BRUSSELS—The U.S. and the European Union agreed to suspend their trade dispute over government subsidies to Boeing Co. and Airbus SE, EADSY 0.94% significantly easing trade tensions amid a broader effort to improve trans-Atlantic relations.
The agreement would lift for five years tariffs that have been authorized by the World Trade Organization and had been temporarily suspended in March.
“We have resolved these disputes because we are putting away our litigation briefcases,” U.S. Trade Rep. Katherine Tai said Tuesday. The U.S. and EU are now focused on “what is going to be best for competition between us in the context of a world where our industries and workers will be facing competition like we’ve never seen before,” she said.
The 17-year trade fight is the longest and most costly in the history of the WTO. U.S. importers have paid more than $1.1 billion of tariffs since the duties in the dispute took effect in 2019, according to data from U.S. Customs and Border Protection.
Setting aside trans-Atlantic differences on the aviation dispute allows the allies to jointly focus on China. “Instead of fighting with one of our closest allies, we are finally coming together against a common threat,” Ms. Tai said.
China is pursuing heavily subsidized efforts to develop large passenger jetliners. The country faces challenges catching up with Boeing and Airbus, but both companies are concerned that Chinese-made airliners would pose a big commercial threat to their large sales in the world’s most populous country and others in Beijing’s economic orbit. China currently accounts for a quarter of their aircraft deliveries.
The agreement includes details on how the EU and the U.S. will work together to push for a global level playing field for competition, which would likely include taking on large-scale subsidies provided by China for their aircraft sector.
Ms. Tai said Tuesday’s agreement will allow the two sides to start addressing these challenges after Brussels and Washington had “been at each others’ throats fighting” for the past two decades over Boeing and Airbus.
“We have been too busy fighting each other to pay attention,” she said.
European Trade Commissioner Valdis Dombrovskis said the agreement details information sharing arrangements, coordination and exploring common approaches for outward and inward investment in the sector.
Mr. Dombrovskis acknowledged the two sides still have a lot of work to do to come up with an agreed approach ensuring that neither the U.S. nor the EU unfairly helps their own aircraft manufacturers.
He said in coming months a working group will jointly define what kind of support can be given and in what ways.
The deal comes at a crucial time for the two plane makers, wrestling with the pandemic-driven downturn in air travel that has left many customers unwilling or unable to take new jets.
Boeing is also deciding whether to launch a new jetliner, with much of the longstanding dispute linked to government loans, contracts and other support for clean-sheet aircraft.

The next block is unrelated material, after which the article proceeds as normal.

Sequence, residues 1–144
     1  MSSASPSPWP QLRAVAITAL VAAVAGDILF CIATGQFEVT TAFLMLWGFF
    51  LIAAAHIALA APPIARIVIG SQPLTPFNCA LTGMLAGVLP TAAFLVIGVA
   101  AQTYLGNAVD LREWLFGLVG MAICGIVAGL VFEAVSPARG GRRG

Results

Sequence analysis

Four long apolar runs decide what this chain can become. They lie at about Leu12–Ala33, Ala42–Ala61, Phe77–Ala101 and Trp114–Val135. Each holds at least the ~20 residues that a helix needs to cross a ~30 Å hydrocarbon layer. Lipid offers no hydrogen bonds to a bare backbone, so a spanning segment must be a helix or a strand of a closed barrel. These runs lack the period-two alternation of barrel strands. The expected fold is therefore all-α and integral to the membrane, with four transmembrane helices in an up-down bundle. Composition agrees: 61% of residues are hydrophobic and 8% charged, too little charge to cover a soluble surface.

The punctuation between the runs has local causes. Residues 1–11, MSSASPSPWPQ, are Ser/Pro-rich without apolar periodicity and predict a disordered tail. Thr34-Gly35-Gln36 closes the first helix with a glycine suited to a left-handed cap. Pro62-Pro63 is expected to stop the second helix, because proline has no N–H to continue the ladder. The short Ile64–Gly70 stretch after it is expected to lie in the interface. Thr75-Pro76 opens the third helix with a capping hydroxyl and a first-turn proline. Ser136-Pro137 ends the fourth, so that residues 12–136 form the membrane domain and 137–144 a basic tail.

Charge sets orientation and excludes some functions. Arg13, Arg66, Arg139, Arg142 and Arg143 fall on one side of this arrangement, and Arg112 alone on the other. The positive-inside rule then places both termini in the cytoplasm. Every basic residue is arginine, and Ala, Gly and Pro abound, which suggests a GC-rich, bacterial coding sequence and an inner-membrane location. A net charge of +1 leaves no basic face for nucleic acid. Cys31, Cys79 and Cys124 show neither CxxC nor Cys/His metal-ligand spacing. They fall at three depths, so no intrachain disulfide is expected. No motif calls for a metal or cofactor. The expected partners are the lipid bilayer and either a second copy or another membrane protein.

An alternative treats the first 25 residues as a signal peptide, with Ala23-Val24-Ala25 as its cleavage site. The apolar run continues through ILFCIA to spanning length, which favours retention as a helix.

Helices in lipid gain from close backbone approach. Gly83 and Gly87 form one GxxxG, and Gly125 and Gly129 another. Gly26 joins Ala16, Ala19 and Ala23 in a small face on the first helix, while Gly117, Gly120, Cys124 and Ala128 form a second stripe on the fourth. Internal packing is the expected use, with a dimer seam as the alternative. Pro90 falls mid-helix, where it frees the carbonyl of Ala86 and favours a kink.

Spokesmen for Airbus and Boeing said their companies welcomed the settlement.
Airbus said it would “provide the basis to create a level-playing field which we have advocated for since the start of this dispute.”
Boeing said it would “fully support the U.S. Government’s efforts to ensure that the principles in this understanding are respected.”
The U.S. and EU agreed in March to a four-month suspension of tariffs on aircraft and a range of other goods including wine and whiskey in an effort to hammer out a deal and improve strained bilateral ties. Ms. Tai said that as part of Tuesday’s deal, the U.S. maintained the ability to reimpose aviation tariffs should the EU violate the terms of the agreement.
The now-suspended tariffs were imposed following twin cases at the WTO. The suspension reflects the easing of trade tensions between Washington and its trading partners following the aggressive trade policies of Mr. Trump, who contended that global trading partners had long been taking advantage of the U.S.
The Airbus-Boeing dispute started in 2004 when the U.S. filed a complaint with the WTO, claiming the EU’s subsidies for Airbus put Boeing at disadvantage. Under the Trump administration, the dispute turned into a tariff fight that snared food and beverage industries unrelated to aircraft manufacturing. Washington imposed tariffs on $7.5 billion worth of European wine and food items in late 2019.
The EU hit back with levies on U.S. whiskey, nuts and tobacco valued at around $4.5 billion. The U.S. stepped up the sanctions on Dec. 31 with additional tariffs, placing virtually all wine imports from France and Germany under its 25% tariff.
The duties had weighed on industries that were also struggling with a collapse of business during the pandemic, who lauded the deal to remove the tariffs.
“Lifting this tariff burden will support the recovery of restaurants, bars and small craft distilleries across that country that were forced to shut down their businesses during the pandemic,” said Chris Swonger, president of the Distilled Spirits Council of the U.S.
In the aircraft manufacturing industry, jetliner deliveries are well below pre-pandemic levels as cash-strapped airlines defer or cancel orders. However, some customers have said the tariffs—and who pays them—remain a constraint on the number of deliveries.
Delta Air Lines Inc.’s expansion of its Airbus fleet made it among the U.S. carriers most affected by the EU action, while Ryanair Holdings PLC’s Boeing 737 MAX planned delivery schedule made it the most exposed European airline this year. Ryanair is still waiting for its first MAX because of quality issues that forced Boeing to pause deliveries.
Carriers haven’t disclosed whether they or the manufacturer previously paid the tariffs.
—Paul Hannon, Josh Zumbrun and Laurence Norman contributed to this article.
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